We’ve talked about the role of Boomerang employees and how they are important to your talent brand. To recap, “boomerangs” are former employees who may return to your company at some point with more diverse experience as well as insider knowledge that allows them to hit the ground running.

Here, we’ll go deeper in the specifics of how to engage, build, and foster those relationships with past employees, your alumni, that can passively or actively drive qualified candidates to your organization.

In a near zero unemployment economy, many employers are finding that they must be more creative in their recruitment efforts. Considering the average cost of turnover and cost per hire, connections with former employees can offer a competitive advantage by providing a pool of prequalified candidates, candidate referrals, and new business connections.

Tapping into your organization's alumni network can also open doors to new business opportunities. Former employees find new jobs or form their own enterprises, and when they are looking for business partners, they often turn to previous employers. An organization's alumni can serve as resources for industry trends and for keeping up with what the competitors are doing. In addition, well-informed alumni can be powerful ambassadors for the company in the business community.

In the 2017 Edelman Trust Barometer Study, employees were seen as the most credible source by the public to report on key business findings—higher than CEOs. The same holds true for your alumni network. They know your organization, its leaders, and the work environment due to their direct experience with the organization. It says a lot about your business and work environment if, even after leaving the organization, former employees take the initiative to refer and recommend candidates to open roles at your company. 

The Stats on Boomerang Employees

Statistics show it costs half as much to rehire an ex-employee as it does to hire a brand-new person; rehires are 40% more productive in their first quarter at work and tend to stay in the job longer. Research also suggests the average Fortune500 company could save $12 million a year by actively recruiting alumni.`  

Additionally, in the first study released in the Employee Engagement Series commissioned by The Workforce Institute and WorkplaceTrends.com, survey data shows a changing mindset about hiring boomerang employees.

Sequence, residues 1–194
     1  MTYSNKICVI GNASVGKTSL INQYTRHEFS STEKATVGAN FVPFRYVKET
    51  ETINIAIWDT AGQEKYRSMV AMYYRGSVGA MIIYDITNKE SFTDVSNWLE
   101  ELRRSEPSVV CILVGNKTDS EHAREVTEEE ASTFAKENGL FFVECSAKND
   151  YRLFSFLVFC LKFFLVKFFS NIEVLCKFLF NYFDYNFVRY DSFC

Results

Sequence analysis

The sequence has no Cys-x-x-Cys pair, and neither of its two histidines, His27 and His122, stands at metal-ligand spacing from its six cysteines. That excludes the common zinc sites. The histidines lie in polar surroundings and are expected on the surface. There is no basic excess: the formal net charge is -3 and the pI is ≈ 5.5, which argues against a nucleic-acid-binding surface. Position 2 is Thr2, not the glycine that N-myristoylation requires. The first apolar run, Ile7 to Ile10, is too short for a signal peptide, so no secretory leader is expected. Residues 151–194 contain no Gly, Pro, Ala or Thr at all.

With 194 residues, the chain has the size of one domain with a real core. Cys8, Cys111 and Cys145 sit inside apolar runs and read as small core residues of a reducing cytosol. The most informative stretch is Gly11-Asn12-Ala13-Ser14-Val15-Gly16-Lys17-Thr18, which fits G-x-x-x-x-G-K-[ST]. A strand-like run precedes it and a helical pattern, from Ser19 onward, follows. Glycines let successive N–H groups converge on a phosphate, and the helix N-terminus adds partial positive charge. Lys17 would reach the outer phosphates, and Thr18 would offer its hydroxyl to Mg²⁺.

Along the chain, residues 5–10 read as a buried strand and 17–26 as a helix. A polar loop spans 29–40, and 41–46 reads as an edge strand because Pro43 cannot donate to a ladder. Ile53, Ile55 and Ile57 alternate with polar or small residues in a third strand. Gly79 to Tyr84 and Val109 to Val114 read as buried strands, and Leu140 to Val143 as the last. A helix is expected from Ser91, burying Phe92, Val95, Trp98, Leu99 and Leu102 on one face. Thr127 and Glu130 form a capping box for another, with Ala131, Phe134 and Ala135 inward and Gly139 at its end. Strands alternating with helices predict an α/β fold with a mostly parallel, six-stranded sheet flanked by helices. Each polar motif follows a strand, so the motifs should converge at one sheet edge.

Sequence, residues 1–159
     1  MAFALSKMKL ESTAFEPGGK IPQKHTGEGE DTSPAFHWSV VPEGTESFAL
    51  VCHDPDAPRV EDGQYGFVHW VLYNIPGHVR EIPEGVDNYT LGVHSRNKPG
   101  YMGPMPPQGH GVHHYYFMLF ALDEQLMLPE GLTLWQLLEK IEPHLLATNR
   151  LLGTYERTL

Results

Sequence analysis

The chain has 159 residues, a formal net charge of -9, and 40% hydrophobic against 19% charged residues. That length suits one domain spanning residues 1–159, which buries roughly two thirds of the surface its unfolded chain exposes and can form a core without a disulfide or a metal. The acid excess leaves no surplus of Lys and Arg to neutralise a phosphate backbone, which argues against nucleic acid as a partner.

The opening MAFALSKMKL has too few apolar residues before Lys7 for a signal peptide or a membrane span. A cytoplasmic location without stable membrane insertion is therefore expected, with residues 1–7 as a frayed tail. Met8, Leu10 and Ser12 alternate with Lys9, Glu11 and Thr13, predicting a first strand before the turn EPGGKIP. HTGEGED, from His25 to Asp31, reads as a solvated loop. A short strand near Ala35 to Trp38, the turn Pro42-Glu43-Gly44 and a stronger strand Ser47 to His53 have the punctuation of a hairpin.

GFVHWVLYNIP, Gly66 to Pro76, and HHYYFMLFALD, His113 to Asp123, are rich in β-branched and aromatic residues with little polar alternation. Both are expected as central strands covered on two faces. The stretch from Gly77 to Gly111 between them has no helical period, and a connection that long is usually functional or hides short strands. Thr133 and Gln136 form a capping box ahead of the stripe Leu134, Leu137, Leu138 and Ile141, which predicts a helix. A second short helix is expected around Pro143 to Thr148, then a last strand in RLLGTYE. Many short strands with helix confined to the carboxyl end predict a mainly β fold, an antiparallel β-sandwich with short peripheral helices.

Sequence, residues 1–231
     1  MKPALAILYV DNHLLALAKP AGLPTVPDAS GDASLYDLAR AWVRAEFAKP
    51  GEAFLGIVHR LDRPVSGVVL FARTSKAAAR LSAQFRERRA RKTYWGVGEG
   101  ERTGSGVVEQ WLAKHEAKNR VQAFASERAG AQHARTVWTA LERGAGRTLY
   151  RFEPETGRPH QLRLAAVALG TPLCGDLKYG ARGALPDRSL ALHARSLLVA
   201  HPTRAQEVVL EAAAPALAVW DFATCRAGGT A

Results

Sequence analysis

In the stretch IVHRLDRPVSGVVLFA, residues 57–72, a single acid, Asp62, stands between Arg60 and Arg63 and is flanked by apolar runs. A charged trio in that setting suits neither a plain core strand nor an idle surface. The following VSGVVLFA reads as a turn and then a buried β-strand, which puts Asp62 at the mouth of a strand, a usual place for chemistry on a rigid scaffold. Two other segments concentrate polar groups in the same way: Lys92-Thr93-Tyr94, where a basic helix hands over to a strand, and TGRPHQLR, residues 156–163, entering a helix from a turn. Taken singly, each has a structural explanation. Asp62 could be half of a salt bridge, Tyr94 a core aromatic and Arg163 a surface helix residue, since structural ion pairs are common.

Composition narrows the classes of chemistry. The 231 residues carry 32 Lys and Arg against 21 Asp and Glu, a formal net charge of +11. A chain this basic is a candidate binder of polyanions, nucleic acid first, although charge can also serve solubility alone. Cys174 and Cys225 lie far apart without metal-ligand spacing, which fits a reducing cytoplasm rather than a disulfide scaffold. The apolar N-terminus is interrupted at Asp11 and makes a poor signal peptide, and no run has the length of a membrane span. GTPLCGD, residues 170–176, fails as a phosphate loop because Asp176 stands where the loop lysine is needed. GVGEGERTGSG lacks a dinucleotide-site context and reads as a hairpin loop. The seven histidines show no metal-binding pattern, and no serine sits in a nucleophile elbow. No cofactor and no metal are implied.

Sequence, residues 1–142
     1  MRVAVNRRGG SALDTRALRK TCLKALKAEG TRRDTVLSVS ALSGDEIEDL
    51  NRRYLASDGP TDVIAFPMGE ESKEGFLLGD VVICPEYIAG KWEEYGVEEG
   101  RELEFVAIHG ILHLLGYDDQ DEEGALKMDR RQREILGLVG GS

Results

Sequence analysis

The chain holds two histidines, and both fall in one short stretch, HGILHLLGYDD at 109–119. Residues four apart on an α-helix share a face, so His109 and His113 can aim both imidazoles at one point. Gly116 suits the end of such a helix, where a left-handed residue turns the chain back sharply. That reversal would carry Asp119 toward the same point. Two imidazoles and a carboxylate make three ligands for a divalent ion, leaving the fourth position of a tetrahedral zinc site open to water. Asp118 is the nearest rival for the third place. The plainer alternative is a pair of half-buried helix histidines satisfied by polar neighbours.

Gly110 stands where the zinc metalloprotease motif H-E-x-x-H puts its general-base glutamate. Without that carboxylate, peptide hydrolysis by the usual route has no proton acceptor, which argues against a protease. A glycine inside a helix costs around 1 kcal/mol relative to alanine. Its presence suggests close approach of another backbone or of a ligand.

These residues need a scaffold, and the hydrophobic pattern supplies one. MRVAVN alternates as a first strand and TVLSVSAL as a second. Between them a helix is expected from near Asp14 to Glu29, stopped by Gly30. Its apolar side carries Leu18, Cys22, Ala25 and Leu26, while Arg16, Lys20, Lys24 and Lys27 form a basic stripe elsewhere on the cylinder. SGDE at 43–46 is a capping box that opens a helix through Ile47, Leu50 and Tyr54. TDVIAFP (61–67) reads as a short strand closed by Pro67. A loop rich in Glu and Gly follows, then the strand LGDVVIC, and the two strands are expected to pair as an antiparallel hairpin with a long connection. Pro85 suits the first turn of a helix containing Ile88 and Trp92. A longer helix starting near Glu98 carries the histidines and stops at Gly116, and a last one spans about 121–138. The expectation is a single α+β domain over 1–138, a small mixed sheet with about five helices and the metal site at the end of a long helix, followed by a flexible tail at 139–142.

In the national survey of more than 1,800 human resources (HR) professionals, people managers, and employees, responses show that employee engagement should not end once the working relationship is over – especially between high-performing alumni and organizations with a strong corporate culture. However, this era of the employee relationship economy and the boomerang employee creates a unique type of competition for job seekers and new challenges for organizations to maintain relationships with former high-performers.

While organizations appear increasingly more accepting of boomerang applicants, 80 percent of employees say former employers do not have a strategy in place to encourage them to return, with 64 percent saying there appears to be no strategy for maintaining a relationship.

Nearly half of managers say their organization has no alumni communication strategy. HR practitioners, on the other hand, say they use several strategies for keeping in touch with former high-performing employees, including email newsletters (45 percent), recruiters (30 percent), and alumni groups (27 percent). Facebook is the platform of choice for alumni groups according to HR professionals (42 percent), with email (39 percent) and LinkedIn (33 percent) close behind.

Dan Schawbel, founder of WorkplaceTrends.com and New York Times Bestselling Author of Promote Yourself, says that “No one organization is the right fit for every employee and vice versa. Sometimes making a change is the best thing for both the employee and the employer.  But this data shows that it’s mutually beneficial for highly engaged employees with outstanding performance and organizations with strong cultures to part ways in good standing. The best boomerang strategy for forward-thinking organizations is to ensure that employees are engaged and feel appreciated while at work – that way if employees decide to leave to explore other career options, the organization will be on the short list of employer options if their career situation changes and they are looking for a more positive opportunity.”

Six Keys to Maintaining a Great Alumni Network

Your alumni employees have insights into your organization that other candidates and contacts don’t. They know the culture, work environment, and are some of the most trusted and reputable sources of qualified employees. However, not losing touch with former employees is imperative to creating and maintaining an exceptional alumni network.

1) Go where your alumni are